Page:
A characterful Victorian police station in Birmingham imminently faces the wrecking ball. The historic structure, built by prominent architects, is deemed ‘inconvenient’ - standing in the way of a road-widening scheme.
The Birmingham and West Midlands Group of the Victorian Society have slammed plans to demolish a historic police station in Summerfield, Birmingham. In a bid to save the irreplaceable structure, the Society fought to have the building listed, but calls to mark the historic importance of the building have been refused.
Built in 1878 by Martin & Chamberlain, who also designed the Grade II*-listed school across the road, the former police station is a key part of Summerfield’s heritage and must not be carelessly destroyed.
Joe Holyoak, Conservation Adviser for the Victorian Society, states, ‘The building is not itself in the path of the road widening, but the site is apparently required for the plant depot during the works. If the police station is demolished – the Victorian heritage of the area will needlessly be further reduced and its character eroded. Several other historic buildings in the vicinity have disappeared in recent years, such as the Birmingham Arms pub and the nearby ‘Archway of Tears’ – one of the last remaining buildings from the workhouse at the City Hospital site.’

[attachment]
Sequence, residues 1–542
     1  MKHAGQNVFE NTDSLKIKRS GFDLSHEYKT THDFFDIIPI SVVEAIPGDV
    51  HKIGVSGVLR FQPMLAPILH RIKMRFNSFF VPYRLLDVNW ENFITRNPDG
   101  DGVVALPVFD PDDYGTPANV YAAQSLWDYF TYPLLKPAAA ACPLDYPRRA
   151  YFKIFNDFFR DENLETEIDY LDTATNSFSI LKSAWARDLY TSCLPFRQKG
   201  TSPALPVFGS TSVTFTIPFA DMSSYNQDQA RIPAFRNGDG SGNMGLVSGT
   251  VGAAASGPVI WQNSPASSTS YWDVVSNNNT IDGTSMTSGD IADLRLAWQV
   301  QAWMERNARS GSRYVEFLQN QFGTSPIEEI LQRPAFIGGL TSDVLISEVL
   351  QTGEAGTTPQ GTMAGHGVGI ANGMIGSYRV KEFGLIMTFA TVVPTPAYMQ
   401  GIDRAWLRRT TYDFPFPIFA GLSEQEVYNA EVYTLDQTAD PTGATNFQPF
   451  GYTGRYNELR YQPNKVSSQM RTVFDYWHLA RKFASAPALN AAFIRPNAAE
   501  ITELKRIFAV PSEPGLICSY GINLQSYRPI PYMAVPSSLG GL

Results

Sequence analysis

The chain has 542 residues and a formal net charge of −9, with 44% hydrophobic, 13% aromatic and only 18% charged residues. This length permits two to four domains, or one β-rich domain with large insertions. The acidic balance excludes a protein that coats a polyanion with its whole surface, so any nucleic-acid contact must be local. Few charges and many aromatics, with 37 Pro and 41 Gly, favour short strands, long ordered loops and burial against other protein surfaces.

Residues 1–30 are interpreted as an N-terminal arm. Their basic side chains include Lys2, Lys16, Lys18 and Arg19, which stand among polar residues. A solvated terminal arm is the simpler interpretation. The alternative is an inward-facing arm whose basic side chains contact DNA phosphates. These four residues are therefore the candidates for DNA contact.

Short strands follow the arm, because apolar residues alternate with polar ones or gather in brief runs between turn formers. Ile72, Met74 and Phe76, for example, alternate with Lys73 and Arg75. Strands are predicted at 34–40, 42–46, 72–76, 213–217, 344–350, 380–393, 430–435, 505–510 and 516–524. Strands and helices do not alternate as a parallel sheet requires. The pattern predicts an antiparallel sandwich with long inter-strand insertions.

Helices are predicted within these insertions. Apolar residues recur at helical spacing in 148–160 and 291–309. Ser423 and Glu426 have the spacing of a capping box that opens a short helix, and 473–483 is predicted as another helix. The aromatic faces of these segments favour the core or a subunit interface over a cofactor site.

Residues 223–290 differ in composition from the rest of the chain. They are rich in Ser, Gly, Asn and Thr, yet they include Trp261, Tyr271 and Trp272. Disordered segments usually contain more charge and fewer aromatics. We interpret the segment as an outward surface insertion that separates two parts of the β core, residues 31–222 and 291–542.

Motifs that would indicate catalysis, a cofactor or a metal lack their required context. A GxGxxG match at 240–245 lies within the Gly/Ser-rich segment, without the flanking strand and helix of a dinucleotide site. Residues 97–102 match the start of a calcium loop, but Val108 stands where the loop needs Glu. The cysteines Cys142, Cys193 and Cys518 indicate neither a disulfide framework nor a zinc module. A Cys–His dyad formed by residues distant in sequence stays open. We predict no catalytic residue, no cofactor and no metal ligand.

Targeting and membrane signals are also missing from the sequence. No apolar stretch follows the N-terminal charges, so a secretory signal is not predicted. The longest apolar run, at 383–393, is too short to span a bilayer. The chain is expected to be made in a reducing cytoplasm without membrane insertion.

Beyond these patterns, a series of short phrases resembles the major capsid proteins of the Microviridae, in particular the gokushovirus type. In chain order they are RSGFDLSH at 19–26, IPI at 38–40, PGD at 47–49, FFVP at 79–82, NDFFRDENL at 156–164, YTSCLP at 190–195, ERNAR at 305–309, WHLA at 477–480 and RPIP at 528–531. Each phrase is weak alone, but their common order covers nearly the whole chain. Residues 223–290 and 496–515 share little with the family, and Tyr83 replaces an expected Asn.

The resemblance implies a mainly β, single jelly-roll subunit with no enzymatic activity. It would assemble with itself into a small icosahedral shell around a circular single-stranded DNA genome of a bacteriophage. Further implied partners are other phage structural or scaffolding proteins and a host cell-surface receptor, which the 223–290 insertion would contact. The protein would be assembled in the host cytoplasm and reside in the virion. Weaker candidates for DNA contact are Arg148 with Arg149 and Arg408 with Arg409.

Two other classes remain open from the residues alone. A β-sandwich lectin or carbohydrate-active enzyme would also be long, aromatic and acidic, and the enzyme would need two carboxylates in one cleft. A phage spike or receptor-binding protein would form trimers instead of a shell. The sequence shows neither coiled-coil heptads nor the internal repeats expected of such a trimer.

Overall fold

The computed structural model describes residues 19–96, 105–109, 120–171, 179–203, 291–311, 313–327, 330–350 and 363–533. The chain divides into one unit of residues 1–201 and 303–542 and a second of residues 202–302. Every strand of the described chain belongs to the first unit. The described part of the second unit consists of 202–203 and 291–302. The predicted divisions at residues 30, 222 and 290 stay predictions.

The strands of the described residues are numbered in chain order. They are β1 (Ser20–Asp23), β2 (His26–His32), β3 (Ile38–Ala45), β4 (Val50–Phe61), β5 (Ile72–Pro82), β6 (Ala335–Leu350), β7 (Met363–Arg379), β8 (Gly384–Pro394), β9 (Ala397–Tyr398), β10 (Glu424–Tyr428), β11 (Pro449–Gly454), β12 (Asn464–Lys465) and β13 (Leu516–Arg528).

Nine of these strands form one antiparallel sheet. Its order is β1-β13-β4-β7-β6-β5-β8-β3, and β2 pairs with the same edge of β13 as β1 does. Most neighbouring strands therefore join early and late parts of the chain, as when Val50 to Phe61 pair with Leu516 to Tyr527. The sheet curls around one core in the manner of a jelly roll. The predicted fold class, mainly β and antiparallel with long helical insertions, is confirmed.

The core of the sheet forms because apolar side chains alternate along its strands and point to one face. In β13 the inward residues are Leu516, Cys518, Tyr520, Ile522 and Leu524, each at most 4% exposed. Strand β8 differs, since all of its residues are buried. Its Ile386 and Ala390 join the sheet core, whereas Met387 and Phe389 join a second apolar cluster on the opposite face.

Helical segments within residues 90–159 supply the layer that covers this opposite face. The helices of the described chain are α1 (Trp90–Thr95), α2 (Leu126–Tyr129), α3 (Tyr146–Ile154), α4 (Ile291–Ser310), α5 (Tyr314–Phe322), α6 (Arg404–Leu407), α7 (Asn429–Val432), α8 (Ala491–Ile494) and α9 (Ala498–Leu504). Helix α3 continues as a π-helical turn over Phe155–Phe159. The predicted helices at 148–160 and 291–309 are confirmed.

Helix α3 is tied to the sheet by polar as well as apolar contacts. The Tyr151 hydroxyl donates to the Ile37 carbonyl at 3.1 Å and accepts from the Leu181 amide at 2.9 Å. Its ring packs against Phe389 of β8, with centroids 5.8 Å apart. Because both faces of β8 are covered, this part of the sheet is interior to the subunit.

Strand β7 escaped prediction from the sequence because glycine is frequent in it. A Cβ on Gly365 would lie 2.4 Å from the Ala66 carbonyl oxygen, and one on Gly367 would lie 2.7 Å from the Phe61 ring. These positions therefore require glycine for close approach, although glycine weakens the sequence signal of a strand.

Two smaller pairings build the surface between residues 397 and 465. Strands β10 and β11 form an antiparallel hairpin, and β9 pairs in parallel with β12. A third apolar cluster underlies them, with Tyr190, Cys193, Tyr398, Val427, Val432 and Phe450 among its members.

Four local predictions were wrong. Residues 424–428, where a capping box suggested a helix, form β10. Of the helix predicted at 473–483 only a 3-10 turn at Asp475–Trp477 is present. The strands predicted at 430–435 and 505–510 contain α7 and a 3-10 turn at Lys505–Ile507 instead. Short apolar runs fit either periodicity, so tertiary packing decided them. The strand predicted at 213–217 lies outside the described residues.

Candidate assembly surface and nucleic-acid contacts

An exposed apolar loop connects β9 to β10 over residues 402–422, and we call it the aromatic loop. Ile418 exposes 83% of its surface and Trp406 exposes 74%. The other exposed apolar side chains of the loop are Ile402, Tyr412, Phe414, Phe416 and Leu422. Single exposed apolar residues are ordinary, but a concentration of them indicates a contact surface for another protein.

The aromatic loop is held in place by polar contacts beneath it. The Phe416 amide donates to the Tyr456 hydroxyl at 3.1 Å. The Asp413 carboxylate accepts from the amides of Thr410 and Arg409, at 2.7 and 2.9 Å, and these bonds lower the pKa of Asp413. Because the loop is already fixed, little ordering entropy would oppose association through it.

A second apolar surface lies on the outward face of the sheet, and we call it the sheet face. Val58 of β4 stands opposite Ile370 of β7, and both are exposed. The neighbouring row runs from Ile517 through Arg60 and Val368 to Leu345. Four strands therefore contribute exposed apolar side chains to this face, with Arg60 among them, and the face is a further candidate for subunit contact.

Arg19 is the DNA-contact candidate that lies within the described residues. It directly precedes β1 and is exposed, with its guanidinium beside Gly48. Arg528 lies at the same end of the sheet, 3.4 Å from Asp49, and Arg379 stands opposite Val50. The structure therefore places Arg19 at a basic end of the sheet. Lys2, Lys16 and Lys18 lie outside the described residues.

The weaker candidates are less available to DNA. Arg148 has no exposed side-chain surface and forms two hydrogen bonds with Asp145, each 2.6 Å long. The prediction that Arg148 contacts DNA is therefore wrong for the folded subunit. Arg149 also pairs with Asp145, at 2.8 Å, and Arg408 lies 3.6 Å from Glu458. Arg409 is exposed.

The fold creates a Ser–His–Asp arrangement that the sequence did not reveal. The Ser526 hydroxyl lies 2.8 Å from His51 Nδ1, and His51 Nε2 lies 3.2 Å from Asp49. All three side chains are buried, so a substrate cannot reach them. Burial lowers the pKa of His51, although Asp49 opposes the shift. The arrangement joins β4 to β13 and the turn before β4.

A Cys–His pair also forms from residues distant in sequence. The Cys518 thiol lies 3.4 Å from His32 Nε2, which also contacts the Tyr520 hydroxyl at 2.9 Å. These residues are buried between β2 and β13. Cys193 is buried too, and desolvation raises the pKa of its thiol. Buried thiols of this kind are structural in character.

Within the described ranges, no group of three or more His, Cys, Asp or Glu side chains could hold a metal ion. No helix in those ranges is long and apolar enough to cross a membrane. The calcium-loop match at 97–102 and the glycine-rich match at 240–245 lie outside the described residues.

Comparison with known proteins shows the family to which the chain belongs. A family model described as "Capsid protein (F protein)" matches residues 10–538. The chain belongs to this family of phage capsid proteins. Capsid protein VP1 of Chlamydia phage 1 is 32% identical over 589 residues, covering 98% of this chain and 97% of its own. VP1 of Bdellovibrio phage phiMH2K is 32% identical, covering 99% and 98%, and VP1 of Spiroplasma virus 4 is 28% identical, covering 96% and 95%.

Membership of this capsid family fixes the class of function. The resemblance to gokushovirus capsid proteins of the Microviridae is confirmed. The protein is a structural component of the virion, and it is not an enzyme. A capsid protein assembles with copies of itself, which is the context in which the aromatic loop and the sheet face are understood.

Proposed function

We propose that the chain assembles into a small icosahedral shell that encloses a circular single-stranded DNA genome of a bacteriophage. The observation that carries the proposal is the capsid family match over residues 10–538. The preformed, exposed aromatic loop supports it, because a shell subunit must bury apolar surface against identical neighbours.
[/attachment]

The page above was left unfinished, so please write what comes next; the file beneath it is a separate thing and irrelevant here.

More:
Birmingham City Council must rethink these proposals and put their construction depot elsewhere. This important building should be restored and given a new use. Birmingham’s rich heritage must be protected for future generations.